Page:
The Facts

What is Domestic Violence?

Domestic abuse is a pattern of hurtful behavior used by one partner to systematically control and overpower the other.  There are varying forms of intimate partner violence and though the causal nature may be the same, the manifestation of it can look different in various relationships. Below is a list of the most common forms of domestic violence.  If any of this occurs in your relationship or that of someone you know, we encourage you to call PADV so that we can assist in safety planning.  No one deserves to be abused and victims are not responsible for their abusers' poor behavior. 

Economic Abuse

Economic abuse is the purposeful controlling of resources to make the victim financially limited. It can include:

  • Refusing to give you money for necessities
  • Making you ask for money rather than allowing you continual access
  • Forcing you to turn over money you've earned or spend it in a way that you disagree with
  • Refusing to support your children
  • Not letting you be involved in money decisions that affect you and/or your children
  • Interfering with or preventing your opprotunites for education, job training and the ability to find and keep a job
  • Interfering with your work performance through harassing activities, such as frequent phone calls or unannounced visits
  • Stealing from you, defrauding your money or assets and/or exploiting the your financial resources or property
  • Requiring you to use your credit in a way that you disagree with

Physical Abuse

Physical abuse is the intentional use of physical force with the potential for causing death, disability, injury or harm. It can include, but is not limited to:

  • Pushing, hitting, choking, kicking, biting, cutting, burning, spitting, shaking, slapping, pinching, force-feeding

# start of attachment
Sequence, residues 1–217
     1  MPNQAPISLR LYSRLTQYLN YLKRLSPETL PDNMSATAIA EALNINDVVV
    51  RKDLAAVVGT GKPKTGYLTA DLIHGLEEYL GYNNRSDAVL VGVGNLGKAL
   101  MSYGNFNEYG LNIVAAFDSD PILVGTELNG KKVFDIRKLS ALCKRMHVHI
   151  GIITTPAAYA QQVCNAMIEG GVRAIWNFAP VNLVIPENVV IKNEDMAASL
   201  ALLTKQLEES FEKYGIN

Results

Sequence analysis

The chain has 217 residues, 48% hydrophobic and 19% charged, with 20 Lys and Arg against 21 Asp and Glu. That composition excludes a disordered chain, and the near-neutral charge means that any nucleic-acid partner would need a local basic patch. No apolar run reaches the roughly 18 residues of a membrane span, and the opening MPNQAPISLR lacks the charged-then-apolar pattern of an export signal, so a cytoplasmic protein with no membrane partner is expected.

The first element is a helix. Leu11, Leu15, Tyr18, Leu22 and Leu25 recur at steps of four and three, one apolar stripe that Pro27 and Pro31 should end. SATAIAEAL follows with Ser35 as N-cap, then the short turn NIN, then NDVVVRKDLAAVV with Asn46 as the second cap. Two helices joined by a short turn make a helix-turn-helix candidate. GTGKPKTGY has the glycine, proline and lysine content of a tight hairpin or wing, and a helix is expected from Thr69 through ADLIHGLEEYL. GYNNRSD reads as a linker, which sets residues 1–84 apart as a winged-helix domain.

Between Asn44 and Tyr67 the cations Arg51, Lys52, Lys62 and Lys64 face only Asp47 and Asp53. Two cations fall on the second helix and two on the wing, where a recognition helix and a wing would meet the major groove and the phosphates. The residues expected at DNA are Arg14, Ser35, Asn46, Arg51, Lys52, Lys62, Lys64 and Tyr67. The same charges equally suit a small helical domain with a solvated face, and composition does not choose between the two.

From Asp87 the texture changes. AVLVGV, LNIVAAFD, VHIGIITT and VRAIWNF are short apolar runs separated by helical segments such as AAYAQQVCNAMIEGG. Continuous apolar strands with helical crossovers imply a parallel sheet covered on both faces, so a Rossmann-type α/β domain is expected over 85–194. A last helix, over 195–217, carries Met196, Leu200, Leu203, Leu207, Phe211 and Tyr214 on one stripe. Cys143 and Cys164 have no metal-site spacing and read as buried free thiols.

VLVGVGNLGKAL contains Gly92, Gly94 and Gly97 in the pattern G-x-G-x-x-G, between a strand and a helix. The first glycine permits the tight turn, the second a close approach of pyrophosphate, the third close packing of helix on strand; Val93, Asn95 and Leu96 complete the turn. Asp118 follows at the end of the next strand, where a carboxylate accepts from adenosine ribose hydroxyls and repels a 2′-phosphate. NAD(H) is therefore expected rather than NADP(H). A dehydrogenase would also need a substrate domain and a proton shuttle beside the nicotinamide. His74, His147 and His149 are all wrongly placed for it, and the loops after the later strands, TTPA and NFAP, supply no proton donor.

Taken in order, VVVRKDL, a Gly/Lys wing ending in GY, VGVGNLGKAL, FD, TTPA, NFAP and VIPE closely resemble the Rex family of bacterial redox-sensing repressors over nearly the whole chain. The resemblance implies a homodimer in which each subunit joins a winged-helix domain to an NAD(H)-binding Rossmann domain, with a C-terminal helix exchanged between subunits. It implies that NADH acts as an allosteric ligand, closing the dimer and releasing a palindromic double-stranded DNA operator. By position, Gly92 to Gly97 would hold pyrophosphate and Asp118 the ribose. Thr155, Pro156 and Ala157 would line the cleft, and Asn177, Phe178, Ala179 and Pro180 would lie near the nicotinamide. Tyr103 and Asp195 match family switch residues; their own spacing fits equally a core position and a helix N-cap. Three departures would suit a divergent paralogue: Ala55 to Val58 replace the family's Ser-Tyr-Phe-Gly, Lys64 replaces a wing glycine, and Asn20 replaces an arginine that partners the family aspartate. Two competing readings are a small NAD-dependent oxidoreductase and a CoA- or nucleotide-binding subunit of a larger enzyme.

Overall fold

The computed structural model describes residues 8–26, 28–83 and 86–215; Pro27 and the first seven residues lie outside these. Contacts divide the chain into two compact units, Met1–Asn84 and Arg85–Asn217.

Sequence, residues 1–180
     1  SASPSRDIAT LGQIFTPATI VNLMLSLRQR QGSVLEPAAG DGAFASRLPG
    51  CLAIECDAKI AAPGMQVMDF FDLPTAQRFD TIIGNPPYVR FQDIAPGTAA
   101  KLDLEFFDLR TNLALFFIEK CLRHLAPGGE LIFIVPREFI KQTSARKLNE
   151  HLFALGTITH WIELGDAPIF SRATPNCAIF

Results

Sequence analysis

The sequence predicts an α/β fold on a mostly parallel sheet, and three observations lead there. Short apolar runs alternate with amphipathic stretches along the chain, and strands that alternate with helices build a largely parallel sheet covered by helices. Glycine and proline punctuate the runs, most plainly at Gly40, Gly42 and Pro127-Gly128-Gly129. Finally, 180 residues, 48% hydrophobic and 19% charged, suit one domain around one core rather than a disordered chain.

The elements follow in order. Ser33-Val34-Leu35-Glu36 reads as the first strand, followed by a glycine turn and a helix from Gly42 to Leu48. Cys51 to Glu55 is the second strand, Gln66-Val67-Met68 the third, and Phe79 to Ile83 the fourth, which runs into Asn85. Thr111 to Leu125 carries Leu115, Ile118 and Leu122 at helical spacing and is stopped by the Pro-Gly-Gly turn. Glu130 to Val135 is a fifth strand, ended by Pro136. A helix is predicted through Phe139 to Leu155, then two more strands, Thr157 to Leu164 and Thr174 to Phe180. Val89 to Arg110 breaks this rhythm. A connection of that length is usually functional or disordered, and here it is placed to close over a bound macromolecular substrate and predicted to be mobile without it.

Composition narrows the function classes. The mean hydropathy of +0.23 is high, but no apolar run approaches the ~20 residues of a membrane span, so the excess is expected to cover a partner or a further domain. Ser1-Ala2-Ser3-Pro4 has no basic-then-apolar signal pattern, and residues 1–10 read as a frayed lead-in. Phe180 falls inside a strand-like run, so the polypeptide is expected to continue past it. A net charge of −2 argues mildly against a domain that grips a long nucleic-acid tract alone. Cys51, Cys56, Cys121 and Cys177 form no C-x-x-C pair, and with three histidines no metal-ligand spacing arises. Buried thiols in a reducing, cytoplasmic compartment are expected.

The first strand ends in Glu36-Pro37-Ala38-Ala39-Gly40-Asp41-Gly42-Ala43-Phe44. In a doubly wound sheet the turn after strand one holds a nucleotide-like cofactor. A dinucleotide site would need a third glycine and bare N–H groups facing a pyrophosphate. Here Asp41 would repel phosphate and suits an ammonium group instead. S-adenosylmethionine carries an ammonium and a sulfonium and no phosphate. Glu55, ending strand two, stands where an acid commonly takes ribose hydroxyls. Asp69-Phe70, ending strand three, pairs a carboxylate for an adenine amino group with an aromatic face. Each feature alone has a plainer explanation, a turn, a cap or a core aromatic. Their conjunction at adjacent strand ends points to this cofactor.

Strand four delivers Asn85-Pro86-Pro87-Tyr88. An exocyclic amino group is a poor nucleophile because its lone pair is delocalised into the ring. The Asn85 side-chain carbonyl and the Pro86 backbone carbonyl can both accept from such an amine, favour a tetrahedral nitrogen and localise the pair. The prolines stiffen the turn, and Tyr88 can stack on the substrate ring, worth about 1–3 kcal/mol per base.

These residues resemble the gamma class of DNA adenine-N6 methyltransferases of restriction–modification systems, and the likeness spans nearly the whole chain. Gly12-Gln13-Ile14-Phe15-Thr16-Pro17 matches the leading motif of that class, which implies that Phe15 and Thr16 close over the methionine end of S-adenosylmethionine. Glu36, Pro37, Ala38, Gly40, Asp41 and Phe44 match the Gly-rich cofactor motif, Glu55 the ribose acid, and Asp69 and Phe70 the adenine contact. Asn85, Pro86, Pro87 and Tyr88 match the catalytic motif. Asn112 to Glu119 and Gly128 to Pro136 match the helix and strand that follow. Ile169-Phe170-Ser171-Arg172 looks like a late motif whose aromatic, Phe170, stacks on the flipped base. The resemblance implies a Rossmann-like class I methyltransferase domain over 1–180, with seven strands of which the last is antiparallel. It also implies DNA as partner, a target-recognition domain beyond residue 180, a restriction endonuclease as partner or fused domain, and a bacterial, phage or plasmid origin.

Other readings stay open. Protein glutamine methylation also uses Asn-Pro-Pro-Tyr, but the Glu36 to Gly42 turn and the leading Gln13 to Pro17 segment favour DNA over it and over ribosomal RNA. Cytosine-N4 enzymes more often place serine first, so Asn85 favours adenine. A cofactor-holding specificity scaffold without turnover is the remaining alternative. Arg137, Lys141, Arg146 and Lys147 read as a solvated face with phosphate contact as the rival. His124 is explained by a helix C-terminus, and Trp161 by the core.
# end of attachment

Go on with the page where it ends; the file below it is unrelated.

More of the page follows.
• Holding you down or preventing you from leaving the room
  • Throwing objects at you
  • Threatening you with a weapon
  • Locking you in or out of the house
  • Abandoning you in dangerous places
  • Preventing you from getting sleep or waking you up out of sleep
  • Denying help when you are sick, injured or pregnant
  • Endangering you by driving wildly or recklessly

Psychological Abuse

Phsychological abuse is the use of verbal and non-verbal communication with the intent to harm another person mentally or emotionally, and/or to exert control over another person.  It can include:

  • Expressive Aggression
    • Name-calling
    • Putting you down by telling you that you’re stupid, dumb, fat, ugly, etc.
    • Intentionally humiliating you
    • Making fun of your beliefs
    • Degrading women as a group
    • Constantly criticizing you
    • Threatening to take your children
    • Threatening to sexually assault you
    • Threatening to hurt your family
    • Threatening to leave or make you leave
    • Making fun of your friends and family
    • Hurting your pets to upset you
    • Hurting your children to upset you
    • Ignoring your feelings
  • Coercive Control
    • Limiting your access to transportation, money, friends and family
    • Excessively monitoring your whereabouts
    • Refusing to use birth control
    • Insisting upon pregnancy termination
  • Exploitation
    • Leveraging your vulnerabilities, such as illegal immigration status, disability, etc.
  • Manipulation
    • Presenting false information to make you doubt your own memory or perception 
    • Presenting false information to mislead others about you

Sexual Abuse

Sexual violence is any sort of non-consensual sexual contact.  It can include any of the following acts--whether merely attempted or fully completed.  These acts also qualify as sexual abuse if the victim is not entirely aware due to being voluntarily or involuntarily intoxicated or drugged:

  • Unwanted Penetration 
    • Forcing you to have sex when you do not want to, whether with your partner or someone outside of the relationship
    • Forcing you to have sex after an argument or beating
    • Forcing you to have sex when you are pregnant or sick
  • Unwanted Sexual Experiences (with or without contact)
    • Unwanted exposure to sexual situations, such as pornography
    • Verbal or behavioral sexual harassment
    • Threatening sexual violence to accomplish some other end
    • Unwanted filming or photographing
    • Disseminating video or photographs of a sexual nature of another person
    • Criticizing the way you act during sex
    • Withholding sex and affection
    • Refusing to pay bills or take care of other basic needs until you have sex with him/her
    • Calling you a “whore” or any other demeaning names after sex
    • Accusing you of having sex with other women/men
    • Telling you and bragging about sex with other women/men
    • Checking your clothing for signs that you have had sex with someone
    • Insisting on unwanted or uncomfortable touching